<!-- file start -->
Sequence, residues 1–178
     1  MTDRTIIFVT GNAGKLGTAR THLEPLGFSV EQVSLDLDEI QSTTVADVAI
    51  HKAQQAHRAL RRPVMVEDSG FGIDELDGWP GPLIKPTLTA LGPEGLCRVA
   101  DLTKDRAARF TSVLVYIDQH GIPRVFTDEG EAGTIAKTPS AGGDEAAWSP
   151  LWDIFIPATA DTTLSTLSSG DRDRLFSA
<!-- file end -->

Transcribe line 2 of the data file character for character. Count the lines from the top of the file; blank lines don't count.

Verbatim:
     1  MTDRTIIFVT GNAGKLGTAR THLEPLGFSV EQVSLDLDEI QSTTVADVAI